Having great photos and video for your website, press releases, communications materials and ways of reaching new or dedicated donors has never been more important. Whether your a small non-profit starting from scratch or a large mover and shaker, it’s always good to spend some time looking at your visual communications strategy. Here area few tips to get you started.
Photos of your team and your team in action Action is the key here. We’ve all seen the lawyer-ly websites with headshots on blue stagnant backgrounds or the fake book shelf. Those days are over. The young, hip millennial crowd wants to see real people, preferably doing real things. Let your staff be who they are and look like they are. The more personality and action in these photos the better. Let your community of donors, fans and volunteers see who you are.
Short video telling folks what you’re about – Consider producing a video of two minutes or less telling people what you’re all about. There’s no need to get technical here, but sharing a video mission statement will allow your audience to understand who you are, and hopefully connect, creating a long term relationship. (What do you do: We help to provide clean drinking water to parts of the world that have a difficult time accessing it. Why do you do it: Water is the most important element to human survival, without it the world will suffer. Where do you focus? Our work is focused on countries in central Africa. Etc.) Keep it simple and keep the wording so everyone will understand what you do. Consider adding in some photos or video b-roll of your team in action so it’s not just a straight video of you talking. You’ll lose eyeballs that way.
Web video series of storytelling that reflects the work that your non-profit does. The key here is storytelling. These videos don’t have to be who ra ra’s to your organization. They should simply be well-crafted, interesting and informational short videos that reflect the people or subjects involved in your work. If you help deliver clean drinking water to African nations, maybe do a story about a family living in central Africa that has to walk long distances to get their drinking water. Show the pain and suffering that they experience to allow viewers to understand why your work is so important, without having to throw it in their face.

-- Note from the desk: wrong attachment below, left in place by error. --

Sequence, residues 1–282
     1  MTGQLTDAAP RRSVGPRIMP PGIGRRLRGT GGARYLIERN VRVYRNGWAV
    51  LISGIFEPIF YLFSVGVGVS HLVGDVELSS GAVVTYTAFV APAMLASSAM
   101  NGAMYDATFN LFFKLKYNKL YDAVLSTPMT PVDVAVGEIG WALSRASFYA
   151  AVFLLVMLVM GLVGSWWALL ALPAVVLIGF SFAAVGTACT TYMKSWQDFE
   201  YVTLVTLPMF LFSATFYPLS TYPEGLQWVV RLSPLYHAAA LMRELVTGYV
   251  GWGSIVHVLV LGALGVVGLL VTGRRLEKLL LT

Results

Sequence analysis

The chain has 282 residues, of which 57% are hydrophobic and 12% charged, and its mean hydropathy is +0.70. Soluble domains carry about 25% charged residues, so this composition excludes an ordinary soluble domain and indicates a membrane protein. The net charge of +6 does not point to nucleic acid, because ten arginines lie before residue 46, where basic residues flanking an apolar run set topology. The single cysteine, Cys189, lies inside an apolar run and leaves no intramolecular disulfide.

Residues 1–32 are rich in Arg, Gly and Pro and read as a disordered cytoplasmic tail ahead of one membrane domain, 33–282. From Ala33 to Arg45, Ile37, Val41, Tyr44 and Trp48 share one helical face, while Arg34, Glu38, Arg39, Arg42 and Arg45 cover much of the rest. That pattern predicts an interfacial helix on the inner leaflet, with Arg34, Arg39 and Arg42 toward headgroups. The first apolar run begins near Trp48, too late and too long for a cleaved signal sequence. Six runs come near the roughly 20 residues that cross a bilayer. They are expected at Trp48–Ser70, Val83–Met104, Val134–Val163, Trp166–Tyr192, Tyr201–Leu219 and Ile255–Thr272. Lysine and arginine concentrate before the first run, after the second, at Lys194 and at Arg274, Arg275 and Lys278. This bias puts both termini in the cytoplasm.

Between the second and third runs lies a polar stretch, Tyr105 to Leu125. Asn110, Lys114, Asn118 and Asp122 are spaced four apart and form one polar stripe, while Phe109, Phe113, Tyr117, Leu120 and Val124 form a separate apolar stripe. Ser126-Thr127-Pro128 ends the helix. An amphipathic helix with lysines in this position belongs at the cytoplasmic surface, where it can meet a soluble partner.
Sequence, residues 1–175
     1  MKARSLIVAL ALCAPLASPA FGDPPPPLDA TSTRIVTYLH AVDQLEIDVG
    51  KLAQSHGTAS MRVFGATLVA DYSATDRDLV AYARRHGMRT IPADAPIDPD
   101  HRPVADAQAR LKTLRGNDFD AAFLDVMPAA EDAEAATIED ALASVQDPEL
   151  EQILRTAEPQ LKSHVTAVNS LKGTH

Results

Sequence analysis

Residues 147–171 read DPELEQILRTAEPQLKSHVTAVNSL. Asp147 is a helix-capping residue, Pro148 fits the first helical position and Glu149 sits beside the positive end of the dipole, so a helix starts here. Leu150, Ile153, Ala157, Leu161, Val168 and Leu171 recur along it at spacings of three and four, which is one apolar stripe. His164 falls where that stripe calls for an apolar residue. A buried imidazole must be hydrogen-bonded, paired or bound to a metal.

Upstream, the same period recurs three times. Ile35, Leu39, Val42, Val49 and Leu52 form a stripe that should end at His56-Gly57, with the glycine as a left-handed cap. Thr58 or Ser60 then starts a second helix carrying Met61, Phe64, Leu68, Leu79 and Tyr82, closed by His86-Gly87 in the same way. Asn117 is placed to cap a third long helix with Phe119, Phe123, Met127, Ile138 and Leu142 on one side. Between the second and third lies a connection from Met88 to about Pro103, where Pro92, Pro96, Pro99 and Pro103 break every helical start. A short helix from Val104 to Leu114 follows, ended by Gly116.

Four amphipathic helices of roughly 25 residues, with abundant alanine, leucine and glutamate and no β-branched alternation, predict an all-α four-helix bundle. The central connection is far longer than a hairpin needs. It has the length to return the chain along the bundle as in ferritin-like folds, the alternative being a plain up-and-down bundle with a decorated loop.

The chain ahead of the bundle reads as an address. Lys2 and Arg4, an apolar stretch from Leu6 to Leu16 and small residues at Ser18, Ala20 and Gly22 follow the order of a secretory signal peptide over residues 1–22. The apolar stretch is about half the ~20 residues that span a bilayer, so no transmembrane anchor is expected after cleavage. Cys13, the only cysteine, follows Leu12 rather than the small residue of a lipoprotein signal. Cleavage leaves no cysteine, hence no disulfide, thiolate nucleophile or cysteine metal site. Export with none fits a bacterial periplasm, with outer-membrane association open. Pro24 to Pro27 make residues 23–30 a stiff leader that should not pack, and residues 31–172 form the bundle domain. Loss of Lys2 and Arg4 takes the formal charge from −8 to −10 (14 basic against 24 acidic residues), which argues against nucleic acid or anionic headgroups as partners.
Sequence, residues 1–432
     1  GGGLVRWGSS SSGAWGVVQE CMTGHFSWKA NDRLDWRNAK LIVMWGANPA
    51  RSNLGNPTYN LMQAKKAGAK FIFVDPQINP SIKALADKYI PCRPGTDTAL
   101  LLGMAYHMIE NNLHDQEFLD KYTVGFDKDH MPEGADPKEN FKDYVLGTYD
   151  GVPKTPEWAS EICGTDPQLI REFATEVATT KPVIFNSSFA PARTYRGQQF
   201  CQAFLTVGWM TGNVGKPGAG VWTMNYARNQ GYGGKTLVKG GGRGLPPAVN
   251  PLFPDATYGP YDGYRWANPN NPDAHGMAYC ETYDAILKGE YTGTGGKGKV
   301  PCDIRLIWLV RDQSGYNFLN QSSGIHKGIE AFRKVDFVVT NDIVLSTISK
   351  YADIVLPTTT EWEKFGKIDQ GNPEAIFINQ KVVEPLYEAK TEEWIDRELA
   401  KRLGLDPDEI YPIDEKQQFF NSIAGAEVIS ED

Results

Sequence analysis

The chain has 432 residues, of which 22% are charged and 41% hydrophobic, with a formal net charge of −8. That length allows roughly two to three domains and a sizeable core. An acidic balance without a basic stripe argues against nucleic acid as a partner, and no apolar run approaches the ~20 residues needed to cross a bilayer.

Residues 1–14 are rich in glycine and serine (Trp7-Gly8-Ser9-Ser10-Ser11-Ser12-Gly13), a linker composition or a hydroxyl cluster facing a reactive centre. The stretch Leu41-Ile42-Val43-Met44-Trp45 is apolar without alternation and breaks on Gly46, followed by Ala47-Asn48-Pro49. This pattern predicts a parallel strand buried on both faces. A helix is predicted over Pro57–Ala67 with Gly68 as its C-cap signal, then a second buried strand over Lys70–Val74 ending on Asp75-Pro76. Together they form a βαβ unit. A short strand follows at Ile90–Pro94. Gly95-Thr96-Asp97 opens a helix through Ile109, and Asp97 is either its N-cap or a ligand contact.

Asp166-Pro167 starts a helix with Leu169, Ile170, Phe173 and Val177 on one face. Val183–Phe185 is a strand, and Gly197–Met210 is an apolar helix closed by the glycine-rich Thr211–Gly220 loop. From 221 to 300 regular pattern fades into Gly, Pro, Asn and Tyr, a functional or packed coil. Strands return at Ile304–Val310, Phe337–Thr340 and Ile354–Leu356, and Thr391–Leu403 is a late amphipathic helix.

Larger the visuals the better, but make sure they’re curated. From a design perspective, there’s nothing worse than a website with small thumbnail type photos, especially beautiful ones, scattered throughout a front page. Edit down your photos so they look good together first. Remember, sometimes less is more and go big with your beautiful photos or video in your showcase.
Shareable photos on Instagram and memes. Instagram is a great revenue for new viewers to learn your name and brand. Frequently updating your Instagram, twitter or Facebook pages with photos of your team doing the work they do, people that you help or work that you’ve done will get the message across that you’re hard workers doing good in the world, while also spreading your non-profit’s message. Having guest photographers who do related work do an “Instagram takeover” for a period of time is a great way to dip into a larger network, gaining more followers and spreading your message to a wider audience.
Video memes. Facebook and Instagram are great places for short videos with text captions over the top that simply tell a story. Because mobile is ruling the world, not everyone has headphones on, or the time to see a full two-to-five minute video. Hence the popularity of silent, or musically based, videos with text over the top. Think of these like video memes. FaceBook has also made it easier to close caption your videos. This is a must have to keep up retention rates on mobile viewers.
Brian Feulner is the owner of Feulner Visuals, a photographer and video production company that helps non-profits change the world.